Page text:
RASTELL (or [[Rastall), John]] (d. 1536), English printer and author, was born in London towards the end of the 15th century. He is vaguely reported by Anthony it Wood to have been "educated for a time in grammaticals and philosophicals" at Oxford. He became a member of Lincoln's Inn, and practised successfully as a barrister. He was also M.P. for Dunheved, Cornwall, from 1529 to the time of his death. He began his printing business some time before 1516, for in his preface to the undated Liber Assisarum he announced the forthcoming publication of Sir A. Fitzherbert's Abbreviamentum librorum legum Anglorum, dated 1516. Among the works issued from the "sygne of the meremayd at Powlysgate," where he lived and worked from 1520 onwards, are The Mery Gestys of the Wydow Edyth (1525), and A Dyaloge of Syr Thomas More (1529). The last of his dated publications was Fabyl's Ghoste (1533), a poem. In 1530 he wrote, in defence of the Roman doctrine of Purgatory, A New Boke of Purgatory (1530), dialogues on the subject between "Comyngs and Almayn a Christen man, and one Gyngemyn a Turke." This was answered by John Frith in A Disputation of Purgatorie. Rastell replied with an Apology against John Fryth, also answered by the latter. Rastell had married Elizabeth, sister of Sir Thomas More, with whose Catholic theology and political views he was in sympathy. More had begun the controversy with John Frith, and Rastell joined him in attacking the Protestant writer, who, says Foxe (Actes and Monuments, ed. G. Townsend, vol. v. p. 9), did so "overthrow and confound" his adversaries that he converted Rastell to his side. Separated from his Catholic friends, Rastell does not seem to have been fully trusted by the opposite party, for in a letter to Cromwell, written probably in 1536, he says that he had spent his time in upholding the king's cause and opposing the pope, with the result that he had lost both his printing business and his legal practice, and was reduced to poverty. He was imprisoned in 1536, perhaps because he had written against the payment of tithes. He probably died in. prison, and his will, of which Henry VIII. had originally been appointed an executor, was proved on the 18th of July 1536. He left two sons: William, noticed below, and John. The Jesuit, John Rastell (1532-1577), who has been frequently confounded with him, was no relation.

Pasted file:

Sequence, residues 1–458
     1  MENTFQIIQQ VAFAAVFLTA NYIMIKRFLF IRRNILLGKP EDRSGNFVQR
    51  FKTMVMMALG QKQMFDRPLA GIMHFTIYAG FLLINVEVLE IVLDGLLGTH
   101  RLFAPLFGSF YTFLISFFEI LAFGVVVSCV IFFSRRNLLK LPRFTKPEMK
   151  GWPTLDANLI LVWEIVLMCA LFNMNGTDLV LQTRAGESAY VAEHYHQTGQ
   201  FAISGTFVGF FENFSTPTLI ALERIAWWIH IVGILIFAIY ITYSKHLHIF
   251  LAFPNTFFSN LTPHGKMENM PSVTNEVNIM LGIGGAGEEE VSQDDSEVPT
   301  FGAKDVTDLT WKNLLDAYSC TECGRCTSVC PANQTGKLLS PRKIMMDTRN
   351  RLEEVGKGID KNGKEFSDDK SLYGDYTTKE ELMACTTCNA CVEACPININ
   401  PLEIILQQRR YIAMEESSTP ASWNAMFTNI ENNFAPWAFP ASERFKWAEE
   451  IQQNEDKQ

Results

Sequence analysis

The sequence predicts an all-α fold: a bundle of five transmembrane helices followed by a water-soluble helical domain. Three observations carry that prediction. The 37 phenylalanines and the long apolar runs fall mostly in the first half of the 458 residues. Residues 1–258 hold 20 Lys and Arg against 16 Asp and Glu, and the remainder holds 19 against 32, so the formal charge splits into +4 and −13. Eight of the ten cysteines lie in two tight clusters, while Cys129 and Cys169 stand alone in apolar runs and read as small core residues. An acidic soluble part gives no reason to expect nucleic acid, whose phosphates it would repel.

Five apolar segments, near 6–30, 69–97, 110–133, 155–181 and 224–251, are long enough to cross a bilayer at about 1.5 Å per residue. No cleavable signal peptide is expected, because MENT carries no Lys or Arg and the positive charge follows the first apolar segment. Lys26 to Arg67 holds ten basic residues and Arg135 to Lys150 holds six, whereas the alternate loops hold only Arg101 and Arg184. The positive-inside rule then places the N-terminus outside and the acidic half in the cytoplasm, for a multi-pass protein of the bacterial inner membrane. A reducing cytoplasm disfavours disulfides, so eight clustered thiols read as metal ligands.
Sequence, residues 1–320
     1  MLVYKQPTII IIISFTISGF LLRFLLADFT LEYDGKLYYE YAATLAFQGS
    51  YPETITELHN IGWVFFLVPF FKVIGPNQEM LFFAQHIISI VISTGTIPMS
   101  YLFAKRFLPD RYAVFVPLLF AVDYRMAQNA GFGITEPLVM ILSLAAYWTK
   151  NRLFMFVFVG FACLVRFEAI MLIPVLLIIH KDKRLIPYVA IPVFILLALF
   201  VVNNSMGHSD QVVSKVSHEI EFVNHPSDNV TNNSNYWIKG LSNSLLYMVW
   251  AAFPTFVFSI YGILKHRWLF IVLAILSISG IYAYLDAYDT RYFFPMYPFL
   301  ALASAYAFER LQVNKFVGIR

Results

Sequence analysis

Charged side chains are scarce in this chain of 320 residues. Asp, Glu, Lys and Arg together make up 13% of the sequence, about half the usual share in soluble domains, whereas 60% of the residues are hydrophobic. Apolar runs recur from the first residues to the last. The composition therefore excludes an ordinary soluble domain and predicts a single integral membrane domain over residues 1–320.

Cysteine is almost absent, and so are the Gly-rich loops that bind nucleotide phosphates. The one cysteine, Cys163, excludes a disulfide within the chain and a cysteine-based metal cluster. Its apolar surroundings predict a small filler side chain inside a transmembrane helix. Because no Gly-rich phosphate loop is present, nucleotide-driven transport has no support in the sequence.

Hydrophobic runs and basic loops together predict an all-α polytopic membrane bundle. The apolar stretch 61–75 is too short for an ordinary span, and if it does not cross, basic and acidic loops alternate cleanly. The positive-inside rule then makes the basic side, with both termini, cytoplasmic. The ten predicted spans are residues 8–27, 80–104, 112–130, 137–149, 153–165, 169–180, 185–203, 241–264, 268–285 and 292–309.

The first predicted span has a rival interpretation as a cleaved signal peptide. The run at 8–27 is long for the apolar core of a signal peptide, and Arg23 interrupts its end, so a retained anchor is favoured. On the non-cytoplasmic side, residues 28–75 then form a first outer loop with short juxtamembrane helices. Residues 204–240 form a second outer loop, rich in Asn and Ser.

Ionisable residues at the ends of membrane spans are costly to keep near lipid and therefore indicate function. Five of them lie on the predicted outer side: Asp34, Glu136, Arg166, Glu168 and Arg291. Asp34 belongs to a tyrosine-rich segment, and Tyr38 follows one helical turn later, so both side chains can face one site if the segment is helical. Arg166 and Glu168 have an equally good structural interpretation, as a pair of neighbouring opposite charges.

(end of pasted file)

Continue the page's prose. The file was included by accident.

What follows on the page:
Rastell's best-known work is The Pastyme of People, the Chronydes of dyvers Realmys and most specially of the Realme of England (1529), a chronicle dealing with English history from the earliest times to the reign of Richard III., edited by T. F. Dibdin in 1811. His Expositiones terminorum legum Angliae (in French, translated into English, 1527; reprinted 1629, 1636, 1641, &c., as Les Termes de la Ley), and The Abbreviacion of Statutis (1519), of which fifteen editions appeared before 1625, are the best known of his legal works.
Rastell was also the author of a morality play, A new Interlude and a Mery of the Elements, written about 1519, which is no doubt the "large and ingenious comedy" attributed to him by Wood. The unique copy in the British Museum is incomplete, and contains neither the date nor the name of the author, identified with John Rastell on the authority of Bale, who catalogues Natura Naturata among his works, adding a Latin version of the first line of the piece. This interlude was printed in W. C. Hazlitt's edition of Dodsley's Old English Plays, by J. O. Halliwell-Phillipps for the Percy Soc. (Early English Poetry, vol. 22, 1848), and by Julius Fischer (Marburger Studien zur englischen Philologie, vol. v., 1903). See also an article on "John Rastell and his Contemporaries" in Bibliographica, vol. 437 seq., by Mr. H. R. Plomer, who unearthed in the Record Office an account of a law-suit (1534-35) in connexion with Rastell's premises at the "Mermaid." For the books issued from his press see a catalogue by R. Proctor, in HandLists of English Printers (Bibliographical Soc., 1896).
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